Litigation Holds, Defending Spoliation Motions, Mitigating Penalties, and Preparing for FRCP 37(e)

Recording of a 90-minute CLE webinar with Q&A


Conducted on Tuesday, October 7, 2014

Recorded event now available

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Program Materials

This CLE webinar will address best practices for document and ESI preservation, including issuing and overseeing the implementation of litigation holds with an eye towards avoiding spoliation allegations down the road. Our esteemed panelists will cover a number of currently trending topics including the substance and mechanics of implementing effective litigation holds; maintenance of adequate preservation efforts; strategies and arguments to defend against spoliation allegations and limit potentially severe consequences; and the proposed FRCP Rule 37(e).

Description

Spoliation is a word that litigators hope to never hear uttered by an opposing party. The consequences of a spoliation finding can range from monetary sanctions, evidence exclusion, adverse inference jury instructions, default judgments and in rare cases, criminal penalties. A finding of spoliation—which often stems first from deficiencies related to issuing and monitoring litigation holds—can cause a party to lose what may otherwise be a winning lawsuit for reasons having nothing to do with the merits of the case.

The inherent complexities involved with preservation efforts and the requisite degree of attorney oversight—specifically with respect to ESI—have further highlighted the critical need for counsel to remain aware of their legal duties. One of the most important developments in this area involves the proposed FRCP Rule 37(e), which may ultimately rewrite the playbook on treatment of ESI spoliation.

In-house and outside counsel are responsible for ensuring compliance with preservation and collection requirements. Lawyers must effectively create, implement, revise as appropriate, and ultimately lift, litigation holds. Accordingly, robust underlying policies are essential to avoid missteps. Counsel are best suited to position themselves to overcome spoliation allegations by having institutional guidelines that comport with best practices and ongoing legal obligations. In the worst case scenario, counsel must be prepared to defend those guidelines—as well as specific practices in varying contexts—if faced with spoliation allegations.

Listen as our authoritative panel reviews the most effective hold techniques that account for, among other things, ESI and attorney-client and work product considerations. The panel will then discuss strategies for overcoming spoliation allegations, mitigation of penalties and the potential impact of proposed FRCP Rule 37(e), including the emergence of an ESI preservation safe harbor.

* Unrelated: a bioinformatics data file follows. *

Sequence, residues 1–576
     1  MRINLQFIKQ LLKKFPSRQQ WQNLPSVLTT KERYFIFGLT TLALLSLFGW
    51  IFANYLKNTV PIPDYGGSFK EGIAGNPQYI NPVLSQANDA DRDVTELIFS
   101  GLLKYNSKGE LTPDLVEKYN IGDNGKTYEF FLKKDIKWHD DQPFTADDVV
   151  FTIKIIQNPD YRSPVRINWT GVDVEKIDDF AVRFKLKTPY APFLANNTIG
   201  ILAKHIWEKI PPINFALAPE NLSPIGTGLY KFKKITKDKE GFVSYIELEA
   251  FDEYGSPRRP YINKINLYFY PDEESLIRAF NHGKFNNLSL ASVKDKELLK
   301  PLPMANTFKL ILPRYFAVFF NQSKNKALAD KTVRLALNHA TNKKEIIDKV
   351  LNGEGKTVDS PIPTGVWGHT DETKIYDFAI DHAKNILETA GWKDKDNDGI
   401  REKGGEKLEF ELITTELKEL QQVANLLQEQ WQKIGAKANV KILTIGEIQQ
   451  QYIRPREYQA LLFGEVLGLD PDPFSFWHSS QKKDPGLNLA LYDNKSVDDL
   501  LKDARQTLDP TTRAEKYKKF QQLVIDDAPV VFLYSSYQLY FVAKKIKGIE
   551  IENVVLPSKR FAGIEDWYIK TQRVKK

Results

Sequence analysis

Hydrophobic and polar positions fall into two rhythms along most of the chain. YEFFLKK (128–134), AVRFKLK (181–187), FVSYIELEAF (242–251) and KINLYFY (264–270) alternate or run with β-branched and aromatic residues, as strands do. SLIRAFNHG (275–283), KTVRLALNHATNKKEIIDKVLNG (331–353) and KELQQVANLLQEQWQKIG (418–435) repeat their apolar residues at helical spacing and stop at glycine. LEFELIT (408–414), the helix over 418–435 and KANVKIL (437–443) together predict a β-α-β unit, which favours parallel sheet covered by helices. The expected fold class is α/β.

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Outline

  1. Preservation triggers and implementing hold notices
    1. Retention policies generally: mitigating risk without over-preserving
    2. Litigation hold notices – creation, implementation and oversight
      1. What triggers the need for a litigation hold
      2. What should be included in a litigation hold and who should receive it
      3. Oversight and ensuring continued employee awareness after implementation
    3. The inverted triangle of narrowing scope: Preservation – Collection – Production
      1. Avoids potential spoliation claims down the road
      2. Safeguards attorney-client and work product privilege concerns
      3. Backup tapes, metadata and other targets of potential spoliation claims
  2. Defending spoliation allegations
    1. Did a duty to preserve exist?
    2. Can the party alleging spoliation prove relevance?
    3. Can the moving party show a prejudicial effect?
    4. Using forensic and other experts to combat spoliation allegations
    5. Avoiding/Mitigating potentially severe consequences
      1. Monetary sanctions
      2. Exclusion of evidence
      3. Adverse inference
      4. Default judgments
      5. Criminal penalties
  3. Proposed FRCP Rule 37(e) and the Evolving ESI Spoliation Analysis
    1. Proposed amended Rule 37(e) as part of the eDiscovery mosaic: targeting a universal standard
    2. The workings of proposed Rule 37(e)
      1. Three part test at the Rule core
      2. Prejudice and available remedies
      3. Intent to deprive
    3. The Emergence of an ESI preservation safe harbor
    4. The Rule amendment process and the road ahead

Benefits

The panel will review these and other key issues:

  • What complexities must be considered in creating and implementing litigation holds?
  • What should in-house and outside counsel do to mitigate the likelihood of facing spoliation allegations?
  • What defense theories exist to combat spoliation allegations?
  • What policies should be effectuated to lessen or avoid potential penalties in the event of a finding of spoliation?
  • What are the workings of proposed Rule 37(e), including the three part test, prejudice and available remedies and intent to deprive?

Faculty

Jason Bonk
Jason Bonk

Member
Cozen O'Connor

Mr. Bonk focuses his practice in commercial litigation. He has represented clients across a wide range of industries in...  |  Read More

James S. Kurz
James S. Kurz

Partner
Redmon Peyton & Braswell

Mr. Kurz's law practice builds on his experience as a litigation partner with two AmLaw 100 firms, his time as a...  |  Read More

Daniel D. Mauler
Daniel D. Mauler

Partner
Redmon Peyton & Braswell

Mr. Mauler is a trial lawyer with a background in information technology and gravitates to technology-intensive cases....  |  Read More

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